Pharmaceutical giant Sanofi withdraws (campath I think) existing treatment to boost profits with rebranded Lemtrada. A pharmaceutical company stands accused of putting profit before patients after withdrawing a drug used in the treatment of a chronic debilitating disease — ahead of relaunching it at a price predicted to be up to 20 times higher. Three of Britain's leading neurologists have written to the Health Secretary, Jeremy Hunt, to protest at Genzyme, part of the multinational drug company Sanofi, halting supplies of the drug alemtuzumab for multiple sclerosis. The drug is currently licensed for the treatment of leukaemia. But it has been known for 20 years also to be effective in MS patients suffering from an aggressive form of the disease. Neurologists have used the drug in these patients "off label" — prescribing it on their own initiative even though it was not licensed for multiple sclerosis — following encouraging results from a large placebo-controlled trial published in the New England Journal of Medicine in 1998. Alemtuzumab, which is given in two courses a year apart, costs markedly less than other drugs for multiple sclerosis to which it is thought to be superior — around £2,500. Genzyme has now applied for a licence for the drug in multiple sclerosis to regulators in Europe and the US and is expected to relaunch it under the trade name, Lemtrada, at what could be many times its current price. In the meantime the company has withdrawn the drug from MS patients' off-label treatment, pending the granting of the licence, on the grounds that "any adverse event outside a clinical trial "026 may complicate the regulatory process". In the neurologists' letter to the Health Secretary, professors Neil Scolding of the University of Bristol, Neil Robertson of the University Hospital of Wales and John Zajicek of the University of Plymouth say that Genzyme's decision has "serious implications for vulnerable UK patients with MS". They say patients who have already started treatment will "not be able to get their vital second course", and new patients may "miss their window of therapeutic opportunity" putting them at risk of "progressive, severe disability". When licensed, they say, the drug's price is expected to be "15 to 20 times greater", and its withdrawal sets an "inappropriate precedent". They add: "It shows little regard for patients whose opportunity to alter the course of their disease is time-limited, and may represent an over-enthusiastic attempt by the parent company to profit from the current situation." Professor Zajicek said he had personally treated about 150 patients with the drug, and 400 to 500 had received it across the UK. "Many of us think it is the best drug for patients with aggressive MS in the early stages of the disease. It's the greedy behaviour of the drug company that upsets me. They are just trying to rebrand it and put the price up. It is morally corrupt." A spokesperson for Genzyme said: "Our goal is to ensure that Lemtrada is approved by regulatory authorities and made available to multiple sclerosis patients as quickly as possible. Until approved risk-management programmes are established, the use of Lemtrada for MS should occur only in clinical trials.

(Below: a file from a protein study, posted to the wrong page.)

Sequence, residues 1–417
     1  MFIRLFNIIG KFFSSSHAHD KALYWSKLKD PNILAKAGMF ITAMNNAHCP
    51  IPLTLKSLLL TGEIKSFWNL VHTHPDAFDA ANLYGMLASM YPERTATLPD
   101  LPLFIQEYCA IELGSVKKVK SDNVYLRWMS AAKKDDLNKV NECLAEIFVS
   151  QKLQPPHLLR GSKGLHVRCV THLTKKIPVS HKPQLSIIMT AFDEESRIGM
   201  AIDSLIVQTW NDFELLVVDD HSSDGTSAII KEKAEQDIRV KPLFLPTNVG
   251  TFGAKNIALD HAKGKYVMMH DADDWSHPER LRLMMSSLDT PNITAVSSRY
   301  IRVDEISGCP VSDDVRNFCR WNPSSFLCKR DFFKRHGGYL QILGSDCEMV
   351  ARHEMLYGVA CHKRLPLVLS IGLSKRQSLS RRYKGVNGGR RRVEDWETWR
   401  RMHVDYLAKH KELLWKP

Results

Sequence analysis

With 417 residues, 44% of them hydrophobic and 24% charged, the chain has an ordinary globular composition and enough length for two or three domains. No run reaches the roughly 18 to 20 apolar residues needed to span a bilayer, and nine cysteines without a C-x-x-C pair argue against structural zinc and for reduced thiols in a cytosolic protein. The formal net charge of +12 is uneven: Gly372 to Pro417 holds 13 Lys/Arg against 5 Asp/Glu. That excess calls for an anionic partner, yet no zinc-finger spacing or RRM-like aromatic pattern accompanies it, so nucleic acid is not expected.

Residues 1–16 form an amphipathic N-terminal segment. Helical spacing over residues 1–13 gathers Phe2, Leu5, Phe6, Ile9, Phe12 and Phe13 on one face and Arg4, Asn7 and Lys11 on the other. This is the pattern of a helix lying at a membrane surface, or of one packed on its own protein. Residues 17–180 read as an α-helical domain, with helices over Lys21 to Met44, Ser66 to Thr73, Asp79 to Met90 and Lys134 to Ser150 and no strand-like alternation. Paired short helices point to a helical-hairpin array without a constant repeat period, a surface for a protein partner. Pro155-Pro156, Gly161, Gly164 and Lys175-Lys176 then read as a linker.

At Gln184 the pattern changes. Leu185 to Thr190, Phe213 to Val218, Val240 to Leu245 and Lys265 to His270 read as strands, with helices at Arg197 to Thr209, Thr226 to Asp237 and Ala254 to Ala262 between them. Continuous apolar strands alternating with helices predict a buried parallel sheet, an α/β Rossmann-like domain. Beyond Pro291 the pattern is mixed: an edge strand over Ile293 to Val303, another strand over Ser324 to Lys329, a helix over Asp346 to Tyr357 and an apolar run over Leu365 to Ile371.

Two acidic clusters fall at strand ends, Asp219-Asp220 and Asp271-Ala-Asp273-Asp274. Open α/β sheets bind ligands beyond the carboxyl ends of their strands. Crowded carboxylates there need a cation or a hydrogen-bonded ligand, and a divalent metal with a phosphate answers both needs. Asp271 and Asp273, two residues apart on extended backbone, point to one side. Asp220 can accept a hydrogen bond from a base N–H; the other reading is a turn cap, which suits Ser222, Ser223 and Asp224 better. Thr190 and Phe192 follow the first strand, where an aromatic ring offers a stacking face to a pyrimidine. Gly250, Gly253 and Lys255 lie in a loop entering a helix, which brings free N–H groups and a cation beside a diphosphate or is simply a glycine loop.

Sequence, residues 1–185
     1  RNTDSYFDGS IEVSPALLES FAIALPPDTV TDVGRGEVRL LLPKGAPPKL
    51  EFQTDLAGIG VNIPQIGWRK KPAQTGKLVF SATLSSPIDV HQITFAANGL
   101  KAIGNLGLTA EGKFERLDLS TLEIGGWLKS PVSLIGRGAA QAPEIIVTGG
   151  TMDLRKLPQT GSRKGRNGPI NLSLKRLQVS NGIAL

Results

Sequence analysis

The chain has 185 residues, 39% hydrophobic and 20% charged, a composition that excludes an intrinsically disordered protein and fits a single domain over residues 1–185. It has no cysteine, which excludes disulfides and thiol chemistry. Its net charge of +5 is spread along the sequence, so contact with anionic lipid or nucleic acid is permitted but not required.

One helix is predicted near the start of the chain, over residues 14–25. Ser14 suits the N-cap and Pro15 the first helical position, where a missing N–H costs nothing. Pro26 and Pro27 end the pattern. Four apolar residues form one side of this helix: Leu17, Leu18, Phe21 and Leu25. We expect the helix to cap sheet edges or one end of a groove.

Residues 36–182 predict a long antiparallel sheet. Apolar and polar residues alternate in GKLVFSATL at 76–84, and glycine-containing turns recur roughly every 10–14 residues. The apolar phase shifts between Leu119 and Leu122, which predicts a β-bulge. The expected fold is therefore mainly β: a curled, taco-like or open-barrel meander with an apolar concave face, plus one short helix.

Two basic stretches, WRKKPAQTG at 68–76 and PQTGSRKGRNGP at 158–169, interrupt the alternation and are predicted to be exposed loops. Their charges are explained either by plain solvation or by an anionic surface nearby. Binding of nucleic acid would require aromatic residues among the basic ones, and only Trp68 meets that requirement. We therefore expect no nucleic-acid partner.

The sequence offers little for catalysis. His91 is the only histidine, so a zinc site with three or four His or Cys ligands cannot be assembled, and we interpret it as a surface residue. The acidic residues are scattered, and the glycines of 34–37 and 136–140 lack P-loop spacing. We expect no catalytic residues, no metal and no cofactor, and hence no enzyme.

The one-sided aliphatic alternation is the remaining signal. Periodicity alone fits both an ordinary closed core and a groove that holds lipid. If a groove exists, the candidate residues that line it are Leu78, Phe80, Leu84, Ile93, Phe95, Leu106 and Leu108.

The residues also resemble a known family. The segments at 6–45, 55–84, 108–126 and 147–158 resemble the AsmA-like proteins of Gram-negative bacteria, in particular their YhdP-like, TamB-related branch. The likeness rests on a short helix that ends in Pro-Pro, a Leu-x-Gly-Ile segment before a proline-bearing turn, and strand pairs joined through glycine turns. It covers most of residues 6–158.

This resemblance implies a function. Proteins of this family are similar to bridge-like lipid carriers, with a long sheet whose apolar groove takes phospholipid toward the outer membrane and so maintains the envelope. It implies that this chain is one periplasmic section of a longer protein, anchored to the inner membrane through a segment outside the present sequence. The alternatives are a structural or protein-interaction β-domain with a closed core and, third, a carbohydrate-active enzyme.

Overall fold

Well that was quick and easy no trouble at all . I guess I have been lucky over the years in that I have never been afraid of needles so I never dreaded shot night , also I never have had a really hard time with side effects.